to talk about the childhood she’d never
previously discussed. Snippets emerged.
Yazkovetz was born in Kiev, where her father
was a railroad worker. He was assigned
to Dabrowica, where he moved the
family and then died in a work accident
when Yazkovetz was four years old.
As their quest continued, Porokhova
and Plater swapped the fruits of their research
in lively email exchanges. “Aha. I
think I have found my cousin,” Plater
wrote in May. “In a 1929 atlas of Polish
pooh-bahs I just found two listings that
may be one person, or one of whom may
be the link between our families: Witold
Broël Plater.” Porokhova’s grandmother
For the rest of the school year, more
pieces of confirmation fell into place. Even
the estate’s name, Worobyn, is the same as
the street where Porokhova’s uncle and
children live today. The street leads to the
grand property where Count Witold Broël
Plater was born in 1893. Zygmunt deciphered
his connection to the Count by going
back to the famous painting of Emilia
and her cousin Cesar.
Professor Plater knew that his family tree
was filled with princesses, counts and countesses;
he even holds a title of nobility. But it’s
a fact he seldom shares with acquaintances
or even colleagues. “That and $4.50 will get
you a double-latte,” he quipped. “I’ve never
really taken this stuff very seriously.”
He is proud, however, of his family’s
embrace of the tradition of noblesse
oblige. “For me growing up, noblesse
oblige was made clear all the time: When
you die, you jolly well don’t count the
money, you look back and see what you’ve
done for people.”
That tradition led Plater’s forebears to
uphold the obligation to feed, clothe, and
educate area residents and see to their
medical needs. In fact, when Zygmunt
Plater’s father Konstanty was younger, he
was robbed on a train to Warsaw. But the
thief was surely disappointed when he saw
the contents of the baggage he stole:
dozens of urine samples from town residents
headed for analysis at a Warsaw lab
at the Platers’ expense.
Porokhova and Plater say their discoveries
last year left them feeling enriched and
appreciative for the way their search
brought them closer to their family histories
and legacies. Plater, for instance, has
approached Harvard University and
Boston College about taking over the estate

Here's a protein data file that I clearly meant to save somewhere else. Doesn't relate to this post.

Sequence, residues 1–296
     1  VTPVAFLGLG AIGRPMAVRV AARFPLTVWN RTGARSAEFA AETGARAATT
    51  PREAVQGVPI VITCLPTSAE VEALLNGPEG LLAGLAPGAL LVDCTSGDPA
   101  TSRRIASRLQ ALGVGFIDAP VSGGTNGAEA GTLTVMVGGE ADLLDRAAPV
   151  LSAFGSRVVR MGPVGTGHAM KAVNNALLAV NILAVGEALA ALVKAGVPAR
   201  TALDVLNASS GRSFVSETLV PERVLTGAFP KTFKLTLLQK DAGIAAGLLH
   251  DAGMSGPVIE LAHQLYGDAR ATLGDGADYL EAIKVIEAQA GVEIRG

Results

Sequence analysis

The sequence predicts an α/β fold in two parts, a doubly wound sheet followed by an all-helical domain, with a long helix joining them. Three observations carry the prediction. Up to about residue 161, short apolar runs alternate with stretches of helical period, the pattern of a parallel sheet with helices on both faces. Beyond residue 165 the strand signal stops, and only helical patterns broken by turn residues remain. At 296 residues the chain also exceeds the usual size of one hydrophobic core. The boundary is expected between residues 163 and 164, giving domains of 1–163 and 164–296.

on which his father was born, which
is inconveniently located 90 minutes by car
from Warsaw and Cracow and near the ruins
of a castle where Poles once held off attacking Tatars, mentioned in James Michener’s
book Poland. The fresco-filled
chateau at Bialaczow currently is a hospice
for 100 patients run by an order of nuns.
The government, which is the only one in
Eastern Europe that has never repatriated
property, might relent for an American institution,
he said, if not to its rightful heir.
Porokhova said she sees now that
whether he was conscious of it or not,
Plater’s family history actually predicted
his choice of legal specialty. “He loves the
land. The fact he became an environmental
law scholar is no surprise,” she said.
Since their discoveries of their families’ historic connection, Porokhova has passed the bar and started work as an associate in Boston for McDermott Will & Emery. She also has weathered sadness in her family in recent months with her mother’s hospitalization for a serious heart ailment and the death of her grandmother in September. Sadly, Plater also has suffered the loss of his father, who died in June.
The deaths prompted them both to reflect
on the events that their loved ones endured
and the looping connection between
their families. “Given our family histories,
Porokhova said, “I’m not at all surprised
we connected through education.”
Judy Rakowsky is a freelance writer from Somerville, Massachusetts, who is writing a book about her own family’s travails in Poland during World War II.